As the daily number of COVID-19 cases reported in Venezuela continues to accelerate, reaching its quickest pace in recent weeks, concerns regarding the country’s health system have continued to increase. The country’s severe economic crisis has crippled the healthcare system, with many facilities lacking the basic supplies needed to prevent infection and treat illness, and continuing to suffer from constant blackouts, making it difficult to treat and care for patients.
The economic crisis has also led to severe shortages of medicines, personal protective equipment (PPE), bleach, disinfectant and soap, leaving doctors, nurses, hospital and clinic workers at risk. According to local reports, 71 health workers died between July 1 and August 16 alone. The country has also been facing a severe shortage of healthcare personnel due to the ongoing crisis. In recent years, many thousands of doctors and nurses are among the estimated 5 million Venezuelans who have migrated abroad, leaving the country with scarce human resources to face the pandemic.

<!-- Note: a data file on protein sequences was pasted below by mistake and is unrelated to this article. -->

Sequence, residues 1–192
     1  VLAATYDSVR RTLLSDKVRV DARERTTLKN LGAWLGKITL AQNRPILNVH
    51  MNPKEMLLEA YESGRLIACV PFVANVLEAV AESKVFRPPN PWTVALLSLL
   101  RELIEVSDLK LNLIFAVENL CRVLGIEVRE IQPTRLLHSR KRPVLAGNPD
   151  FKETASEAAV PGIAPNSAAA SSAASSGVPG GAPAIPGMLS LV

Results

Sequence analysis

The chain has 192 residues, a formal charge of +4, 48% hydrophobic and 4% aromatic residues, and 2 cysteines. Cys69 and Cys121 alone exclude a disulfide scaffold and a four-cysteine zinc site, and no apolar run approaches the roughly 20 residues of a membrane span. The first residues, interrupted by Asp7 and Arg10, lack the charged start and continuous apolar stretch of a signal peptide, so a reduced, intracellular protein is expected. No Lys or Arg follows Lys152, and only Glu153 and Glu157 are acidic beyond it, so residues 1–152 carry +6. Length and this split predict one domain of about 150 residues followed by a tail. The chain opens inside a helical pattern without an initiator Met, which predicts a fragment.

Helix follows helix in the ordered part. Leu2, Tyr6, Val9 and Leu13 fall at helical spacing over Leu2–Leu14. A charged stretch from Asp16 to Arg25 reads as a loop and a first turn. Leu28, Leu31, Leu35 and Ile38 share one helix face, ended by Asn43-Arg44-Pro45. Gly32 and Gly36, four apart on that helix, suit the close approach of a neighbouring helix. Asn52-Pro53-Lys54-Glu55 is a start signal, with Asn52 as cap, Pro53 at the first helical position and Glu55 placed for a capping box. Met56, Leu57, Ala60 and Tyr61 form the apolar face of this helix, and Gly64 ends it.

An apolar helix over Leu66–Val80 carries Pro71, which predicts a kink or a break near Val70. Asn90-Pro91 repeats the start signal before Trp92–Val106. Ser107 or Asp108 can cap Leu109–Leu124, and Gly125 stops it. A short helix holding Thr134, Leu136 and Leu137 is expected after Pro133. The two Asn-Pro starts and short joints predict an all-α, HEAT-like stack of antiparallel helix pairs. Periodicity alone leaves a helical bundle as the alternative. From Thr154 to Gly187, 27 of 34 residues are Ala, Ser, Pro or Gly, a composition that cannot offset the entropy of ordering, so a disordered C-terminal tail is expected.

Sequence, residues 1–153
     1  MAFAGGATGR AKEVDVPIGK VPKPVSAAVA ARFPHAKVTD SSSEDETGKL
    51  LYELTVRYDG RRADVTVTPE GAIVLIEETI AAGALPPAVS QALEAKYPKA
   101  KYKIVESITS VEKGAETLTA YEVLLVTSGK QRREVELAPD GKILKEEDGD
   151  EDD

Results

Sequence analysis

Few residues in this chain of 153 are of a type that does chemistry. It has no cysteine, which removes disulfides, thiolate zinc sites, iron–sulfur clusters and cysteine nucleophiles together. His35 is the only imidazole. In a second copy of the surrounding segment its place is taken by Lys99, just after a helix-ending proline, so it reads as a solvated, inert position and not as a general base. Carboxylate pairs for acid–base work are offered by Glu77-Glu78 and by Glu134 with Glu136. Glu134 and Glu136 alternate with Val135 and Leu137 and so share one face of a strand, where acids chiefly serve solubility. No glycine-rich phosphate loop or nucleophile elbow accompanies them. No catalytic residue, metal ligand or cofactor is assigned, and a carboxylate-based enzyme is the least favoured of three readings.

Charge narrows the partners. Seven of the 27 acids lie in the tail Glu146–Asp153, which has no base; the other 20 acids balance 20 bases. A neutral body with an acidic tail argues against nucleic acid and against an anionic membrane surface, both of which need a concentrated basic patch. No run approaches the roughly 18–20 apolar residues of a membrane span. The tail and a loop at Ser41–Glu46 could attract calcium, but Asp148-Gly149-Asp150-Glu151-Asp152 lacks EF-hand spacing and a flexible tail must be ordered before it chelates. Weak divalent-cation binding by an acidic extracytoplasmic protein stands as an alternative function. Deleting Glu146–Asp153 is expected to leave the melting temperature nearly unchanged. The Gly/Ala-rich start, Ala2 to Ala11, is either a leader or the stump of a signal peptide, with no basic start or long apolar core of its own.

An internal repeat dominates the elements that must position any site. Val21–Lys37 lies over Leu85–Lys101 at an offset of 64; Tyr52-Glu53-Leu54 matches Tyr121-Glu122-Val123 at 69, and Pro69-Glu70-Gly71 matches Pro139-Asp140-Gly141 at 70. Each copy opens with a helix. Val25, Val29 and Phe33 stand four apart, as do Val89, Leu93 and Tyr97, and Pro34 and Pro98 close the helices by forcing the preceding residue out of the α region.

Official figures of 68,453 confirmed cases and 564 deaths in Venezuela are relatively low compared with many of its South American neighbors—including Colombia, where 765,076 confirmed cases and 24,208 deaths have been recorded. After COVID-19 lockdowns in Colombia drove thousands of Venezuelan migrants to return to their country, Venezuela initially instituted an “open arms” policy and invited citizens to return freely. However, as infection rates have increased, the government decided to restrict the number of returnees permitted to enter the country, with only 200 to 300 Venezuelans currently allowed to return daily. This wave of returnees has overwhelmed the border region, meaning many Venezuelans may be stuck along the border for several days.
The pandemic has only further exacerbated the political and socio-economic crisis in Venezuela. Hyperinflation and increased prices have greatly reduced households’ access to food, medicines and basic goods. The population has become increasingly poor, with more people falling below the poverty line. In 2020, the poverty rate has reached 76%.
Food security and health are key priorities for the region. According to the World Food Program (WFP), one out of every three Venezuelans is food-insecure and in need of urgent assistance.
• In Venezuela, there have been 68,453 confirmed cases of COVID-19 as of September 23, along with 564 deaths. Experts are concerned that this may be an underestimate, due to limited testing and reporting.
• More than 7 million people in the country need humanitarian assistance.